Subbat unit 4 (32 m thick). A fining-upward sequence of pale-yellow, fine-grained sandstone and glauconitic clayey siltstone. The base of the unit is marked by a reworked layer containing fish debris and clayey chips. In the lower 10 m, the sandstone has large-scale tangential cross-beds. Above this unit, mottled (flaser) bedding or sigmoid megaripples with clay drapes indicate a north-northwestward current direction. The m-thick sandstone layers form fining-upward sequences (increasing clay content) that in places are combined to form benches several meters thick. In the top few meters, siltstone contains several centimeter-thick beds of burrowed, fine-grained sandstone and a layer of brecciated gypsum 10 cm thick.
Hammamiyat Limestone Member, Jauf Formation
Al Jawf quadrangle (fromWallace et al., 1997). The type locality of this member is near Wadi al Murayr along the northern rim of the Al Jawf region (Powers, 1968). The member was named for Jibal al Hamamiyat northeast of Dawmat al Jandal and the spelling was changed to Hammamiyat by Powers (1968). The estimated thickness at the type locality is 106.3 m (Powers, 1968) or 105 m (Boucot et al. (1989). The Hammamiyat is about 118 m thick near Dawmat al Jandal (Helal, 1965). Wallace et al. (1997) measured the avaerage thickness of the member in the Al Jawf and Ash Shuwayhitiyah quadrangles as 118 and 75 m respectively.
At the base of the Hammamiyat is a zone of moderate gray-, tan-, or light-grayish-yellow-weathering, stromatolitic, finely crystalline limestone interbedded with shale. Helal (1965) and Boucot et al. (1989) described six limestone zones that range from 4–11 m in thickness, which are separated by light-gray, grayish-brown, and yellowish-brown shale and rare beds of gray, fine-grained sandstone. Stromatolites are as much as one meter in diameter and occur as laterally linked hemispheroids and as isolated heads that are 10–20 cm in diameter. The limestone beds form cliffs and laterally extensive dip slopes. Shale beds contain primary gypsum in thin layers and secondary gypsum fills fractures and joints.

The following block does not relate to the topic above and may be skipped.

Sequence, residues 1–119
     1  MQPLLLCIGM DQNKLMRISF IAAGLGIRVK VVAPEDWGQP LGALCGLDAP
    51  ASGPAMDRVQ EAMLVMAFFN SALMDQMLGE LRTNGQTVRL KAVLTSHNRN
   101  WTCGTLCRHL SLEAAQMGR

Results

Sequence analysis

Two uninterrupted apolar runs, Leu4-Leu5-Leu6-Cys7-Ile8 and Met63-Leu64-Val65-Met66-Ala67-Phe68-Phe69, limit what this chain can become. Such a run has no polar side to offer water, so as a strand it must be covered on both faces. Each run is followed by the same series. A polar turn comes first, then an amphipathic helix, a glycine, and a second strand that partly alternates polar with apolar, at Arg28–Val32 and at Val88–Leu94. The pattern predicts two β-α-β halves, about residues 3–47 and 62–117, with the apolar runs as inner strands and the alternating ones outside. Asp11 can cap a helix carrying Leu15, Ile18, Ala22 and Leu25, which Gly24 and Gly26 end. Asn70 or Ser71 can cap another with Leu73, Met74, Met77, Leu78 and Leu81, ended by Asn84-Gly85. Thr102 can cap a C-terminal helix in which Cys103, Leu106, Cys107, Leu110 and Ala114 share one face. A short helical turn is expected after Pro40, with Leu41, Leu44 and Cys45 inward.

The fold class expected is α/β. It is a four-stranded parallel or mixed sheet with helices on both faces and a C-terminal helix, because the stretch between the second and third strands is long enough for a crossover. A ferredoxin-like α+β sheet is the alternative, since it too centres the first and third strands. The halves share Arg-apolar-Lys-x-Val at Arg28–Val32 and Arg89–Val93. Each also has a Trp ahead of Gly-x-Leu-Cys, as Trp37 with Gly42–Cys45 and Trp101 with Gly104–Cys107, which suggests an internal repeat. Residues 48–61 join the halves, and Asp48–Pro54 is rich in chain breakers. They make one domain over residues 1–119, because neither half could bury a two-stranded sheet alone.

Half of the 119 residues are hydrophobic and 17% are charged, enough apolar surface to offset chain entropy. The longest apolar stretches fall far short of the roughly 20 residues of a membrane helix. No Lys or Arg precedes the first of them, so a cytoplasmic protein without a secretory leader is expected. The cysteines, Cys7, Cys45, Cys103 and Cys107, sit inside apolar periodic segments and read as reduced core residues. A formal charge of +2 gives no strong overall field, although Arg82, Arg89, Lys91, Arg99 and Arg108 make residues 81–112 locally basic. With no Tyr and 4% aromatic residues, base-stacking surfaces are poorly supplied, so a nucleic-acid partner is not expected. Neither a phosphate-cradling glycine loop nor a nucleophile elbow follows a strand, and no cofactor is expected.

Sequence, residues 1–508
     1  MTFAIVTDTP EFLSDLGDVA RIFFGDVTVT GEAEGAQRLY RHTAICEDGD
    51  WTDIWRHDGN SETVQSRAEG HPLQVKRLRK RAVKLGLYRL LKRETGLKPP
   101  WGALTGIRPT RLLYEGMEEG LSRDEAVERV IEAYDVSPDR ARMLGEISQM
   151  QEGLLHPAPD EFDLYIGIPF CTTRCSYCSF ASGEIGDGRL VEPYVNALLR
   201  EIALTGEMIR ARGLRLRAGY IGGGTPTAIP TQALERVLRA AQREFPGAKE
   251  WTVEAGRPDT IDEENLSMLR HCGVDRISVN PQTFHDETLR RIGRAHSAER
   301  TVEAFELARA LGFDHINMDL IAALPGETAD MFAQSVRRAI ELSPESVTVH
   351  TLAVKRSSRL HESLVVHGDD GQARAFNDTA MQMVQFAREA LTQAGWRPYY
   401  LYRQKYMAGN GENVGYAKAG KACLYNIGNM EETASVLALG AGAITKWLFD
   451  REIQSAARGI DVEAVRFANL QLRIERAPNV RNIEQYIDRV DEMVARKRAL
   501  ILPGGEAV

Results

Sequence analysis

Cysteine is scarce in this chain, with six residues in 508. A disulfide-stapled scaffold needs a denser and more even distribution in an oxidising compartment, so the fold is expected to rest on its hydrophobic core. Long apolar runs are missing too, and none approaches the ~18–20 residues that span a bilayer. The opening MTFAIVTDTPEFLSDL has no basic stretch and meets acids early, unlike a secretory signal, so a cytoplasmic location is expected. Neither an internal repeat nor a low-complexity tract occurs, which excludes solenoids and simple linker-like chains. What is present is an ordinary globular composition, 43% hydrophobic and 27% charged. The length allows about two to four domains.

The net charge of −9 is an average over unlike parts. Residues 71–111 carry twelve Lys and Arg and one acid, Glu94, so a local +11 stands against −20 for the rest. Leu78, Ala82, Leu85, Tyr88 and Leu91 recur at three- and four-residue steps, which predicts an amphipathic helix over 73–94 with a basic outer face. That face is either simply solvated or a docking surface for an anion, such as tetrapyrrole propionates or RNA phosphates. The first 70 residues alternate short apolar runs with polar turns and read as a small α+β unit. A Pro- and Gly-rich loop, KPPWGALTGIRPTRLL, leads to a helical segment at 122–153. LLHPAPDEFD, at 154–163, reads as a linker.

Al Qalibah quadrangle (fromJanjou et al., 1997a; Figure 2). In the reference section (base and top of section at 28°58’06”N, 38°20’35”E), the member is about 88 m thick. The Hammamiyat Limestone Member is a mixed sandstone, claystone, and carbonate sequence that has great facies diversity; the lithologic succession from base up is:
Hammamiyat unit 1 (8 m thick). Yellow or gray-blue, dolomitic limestone in beds 0.5–2 m thick, forming a topographic bench-like unit 8-m-thick. At the base, a brecciated dolomitic limestone is overlain by dolosiltite or fine-grained dolarenite having planar or wavy lamination, swaley cross-stratification, slumped laminations, and ball-and-pillow structures. The top 3 m consist of dolomicrite with fine cryptalgal laminations and stromatolitic domes having shrinkage cracks. The top of the bench is more clayey and reflects a transition to the overlying unit.
Hammamiyat unit 2 (24 m thick). Claystone (15 m) overlain by a 9-m-thick carbonate succession of individual layers as much as 1 m thick. The lower part of this bench-forming carbonate unit consists of homogeneous clayey dolosiltite passing upward into dolosiltite with planar, wavy, or inclined lamination, swaley cross-stratification, wave ripples, and ball-and-pillow structures. The internal erosion surfaces are marked by fine bioclastic residue; shrinkage cracks are present but rare.
Hammamiyat unit 3 (10 m thick). Green claystone, the base of which shows a channeled body composed of pale-yellow, bioturbated, medium-grained sandstone containing fish debris. The top of this unit is marked by a 50-cm-thick limestone bed that contains stromatolitic domes.
Hammamiyat unit 4 (18 m thick). A unit composed of meter-thick intervals of green claystone, locally bioturbated, containing several carbonate or sandstone layers as much as 10 cm thick that are rich in brachiopod, orthocone, and fish debris. The upper third of the unit consists of bioturbated sandstone layers 10–50 cm thick, that have heterolithic wavy or mottled stratification, including wavy bedding, flaser bedding with current ripples directed northwestward, and sigmoid inclined stratification with clay drapes. The top of the unit in outcrop is marked by a heterolithic bench in which beds of fine-grained sandstone having wavy lamination or wave ripples alternate with centimeter-thick layers of bioclastic dolomite.
Hammamiyat unit 5 (11 m thick). Claystone 2.5 m thick, overlain by fining-upward sandstone having sigmoidally inclined stratification that indicates a N-NW current direction, and by heterolithic material having wavy bedding. It is overlain by a tidal-bar succession represented by an alternation of heterolithic facies with criss-cross ripple stratification (bottomset) and layers of sandstone 20–80-cm-thick having tangential stratification inclined N-NW. The upper part of the unit is a 4-m-thick dolosiltite containing planar lamination and current ripples and capped by stromatolitic domes about 1 m in diameter.